Environmental conservation in the City of Trees

Olatawura Ladipo-Ajayi, Abuja Community Manager
Abuja, 22 September 2015

The recently-designed SDGs promote a more inclusive and sustainable development. In Nigeria, Abuja has always been an environmentally-friendly city, especially with regards to preservation of natural resources, thanks to its abundance of trees and greenery.

In 1997, the Abuja Environmental Protection Board (AEPB) was created with the objectives of promoting sustainable development, improving environmental quality, conserving and using natural resources sustainably, and minimizing the impact of physical development on the ecosystem. Amongst the various policies being enforced by the AEPB is the ban on tree felling in the city. Violators of this rule are required to pay a heavy fine of 50 000 NGN (USD $250) per tree, and to plant three trees for every tree removed.

AEPB has been effective at monitoring illegal felling of trees and controlling vegetation in key verdant areas across the city. This effectiveness is due to the strength of the organization's 150 Enforcement Squad Members, who monitor and enforce the ban. As a result, the city is full of gardens and national parks serving as recreational and hangout spaces. In addition, a number of campaigns were organized to improve the environment, including tree-planting activities and awareness programs.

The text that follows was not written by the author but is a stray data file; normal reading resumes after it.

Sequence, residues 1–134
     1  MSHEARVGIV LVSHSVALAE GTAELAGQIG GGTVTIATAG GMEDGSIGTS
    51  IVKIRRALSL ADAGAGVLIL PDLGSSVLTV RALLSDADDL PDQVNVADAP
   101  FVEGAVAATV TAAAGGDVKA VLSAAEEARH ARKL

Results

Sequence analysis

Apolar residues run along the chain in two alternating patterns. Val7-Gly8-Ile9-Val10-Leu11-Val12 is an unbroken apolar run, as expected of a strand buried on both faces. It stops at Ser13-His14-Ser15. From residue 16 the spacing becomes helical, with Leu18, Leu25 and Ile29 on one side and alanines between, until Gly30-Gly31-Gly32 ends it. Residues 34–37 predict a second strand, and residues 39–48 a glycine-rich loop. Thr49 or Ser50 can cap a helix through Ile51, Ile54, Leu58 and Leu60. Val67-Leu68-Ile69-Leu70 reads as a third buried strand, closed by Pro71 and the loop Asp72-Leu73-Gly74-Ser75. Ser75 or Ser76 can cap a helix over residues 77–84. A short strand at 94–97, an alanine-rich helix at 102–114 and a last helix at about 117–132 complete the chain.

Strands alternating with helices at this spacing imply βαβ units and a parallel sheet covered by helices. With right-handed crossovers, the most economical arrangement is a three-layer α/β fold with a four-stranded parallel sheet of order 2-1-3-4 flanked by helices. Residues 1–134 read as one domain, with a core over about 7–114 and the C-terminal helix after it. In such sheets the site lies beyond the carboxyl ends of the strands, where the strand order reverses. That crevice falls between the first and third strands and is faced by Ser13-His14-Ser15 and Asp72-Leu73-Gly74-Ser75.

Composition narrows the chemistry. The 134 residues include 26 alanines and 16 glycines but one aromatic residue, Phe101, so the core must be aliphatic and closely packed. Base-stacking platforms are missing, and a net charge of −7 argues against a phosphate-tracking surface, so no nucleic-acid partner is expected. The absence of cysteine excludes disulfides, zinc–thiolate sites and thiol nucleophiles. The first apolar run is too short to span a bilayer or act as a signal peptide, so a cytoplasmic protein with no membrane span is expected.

The Mary-Elika Foundation is an important organization, which focuses on integrating community natural resource projects with the environment. Its objective is to create ecological, economical and socio-cultural sustainability. This goal is pursued through dialogue and advocacy on environmental issues such as environmental degradation, deforestation, and climate change. These conversations are combined with activities geared towards sustainable development and environmental cleanliness. Programs include The Green House Radio Program to educate the general public on environmental issues and practices. In addition, the School Garden is a tree-planting campaign involving educational institutions and students creating and caring for a garden. Planting trees on school premises helps increase the environmental benefits derived from natural resources. School garden programs have been established in five schools across Abuja.

Environmental protection and tree conservation have always been important in Abuja. With the post-2015 development goals focusing on sustainable development, an increasing support for policies and programs favoring the environment is expected. Consequently, there is hope that Abuja and its civil society organizations will begin to realign their actions, and return to the city's history tree protection with renewed enthusiasm.

Photo: Bryn Pinzgauer

Permalink to this discussion: http://urb.im/c1509
Permalink to this post: http://urb.im/ca1509abe